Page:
The objective of this paper is to conduct a prospective, longitudinal study employing the Memorial Anxiety Scale for Prostate Cancer (MAX-PC) to examine the baseline and follow-up association of prostate cancer (PCa)-specific anxiety, health-related quality of life (HRQOL), and PCa aggressiveness in men with newly-diagnosed PCa undergoing prostatectomy at our institution.Methods:
From our prospective PCa registry, we identified a total of 350 men with newly-diagnosed PCa who completed the MAX-PC and the Expanded Prostate Cancer Index Composite (EPIC) at baseline and one-year following surgery. Scores on both measures were compared with clinical measure and demographics using the Wilcoxon Rank Sum, Fisher's exact, and Cochran-Armitage Trend tests. Spearman test was used to assess correlation at between the MAX-PC and EPIC at baseline and one-year.Results:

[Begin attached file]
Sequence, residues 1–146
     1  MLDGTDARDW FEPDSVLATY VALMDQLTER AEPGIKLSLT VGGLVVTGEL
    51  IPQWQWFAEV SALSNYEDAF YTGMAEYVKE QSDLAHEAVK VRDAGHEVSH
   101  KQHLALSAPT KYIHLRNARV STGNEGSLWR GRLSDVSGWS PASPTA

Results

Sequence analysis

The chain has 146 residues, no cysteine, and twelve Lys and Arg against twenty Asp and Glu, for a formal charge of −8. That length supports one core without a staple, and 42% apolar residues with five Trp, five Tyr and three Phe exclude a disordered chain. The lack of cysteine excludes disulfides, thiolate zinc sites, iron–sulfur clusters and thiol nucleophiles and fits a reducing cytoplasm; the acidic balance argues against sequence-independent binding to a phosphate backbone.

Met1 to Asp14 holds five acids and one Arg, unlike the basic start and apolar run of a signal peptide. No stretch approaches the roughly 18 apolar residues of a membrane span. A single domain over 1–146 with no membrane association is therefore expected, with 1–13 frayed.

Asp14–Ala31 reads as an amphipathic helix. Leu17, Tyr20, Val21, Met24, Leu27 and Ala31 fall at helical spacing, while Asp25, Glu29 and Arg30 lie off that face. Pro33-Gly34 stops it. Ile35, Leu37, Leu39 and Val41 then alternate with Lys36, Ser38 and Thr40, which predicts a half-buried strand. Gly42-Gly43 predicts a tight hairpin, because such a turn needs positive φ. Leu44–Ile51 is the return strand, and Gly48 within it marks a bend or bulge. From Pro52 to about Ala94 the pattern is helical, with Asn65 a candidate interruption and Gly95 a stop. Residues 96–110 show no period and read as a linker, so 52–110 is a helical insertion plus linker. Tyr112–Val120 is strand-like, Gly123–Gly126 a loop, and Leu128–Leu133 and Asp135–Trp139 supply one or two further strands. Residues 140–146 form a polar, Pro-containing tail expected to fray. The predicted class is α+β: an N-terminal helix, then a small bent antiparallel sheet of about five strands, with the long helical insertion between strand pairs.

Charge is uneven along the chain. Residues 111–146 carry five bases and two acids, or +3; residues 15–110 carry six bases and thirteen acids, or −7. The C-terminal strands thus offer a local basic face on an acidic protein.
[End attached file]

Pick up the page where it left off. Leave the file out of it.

Baseline overall MAX-PC measures were correlated with measures at one-year (r= 0.5479,p< 0.001). Those reporting high anxiety at one-year were more likely to have Gleason score > 6 (p= 0.004), T-Stage ≥ 2C disease (p= 0.004), and a postoperative prostate-specific antigen (PSA) > 0.1 (p= 0.002); however, this did not apply to all anxious patients. Baseline EPIC sexual function scores were predictive of follow-up EPIC sexual function scores as well (r= 0.5790,p< 0.001). Depression was noted as a problem in 16% of patients at follow-up.Conclusions:
Our data suggests that the MAX-PC could be used at baseline as a tool to determine who may benefit from psychological intervention pre-PCa and post-PCa treatment. In terms of individualized medicine, behavioral therapy may be the most beneficial in improving HRQOL for younger patients, those with advanced stage disease, and more specifically those whose anxiety outweighs their actual prognosis.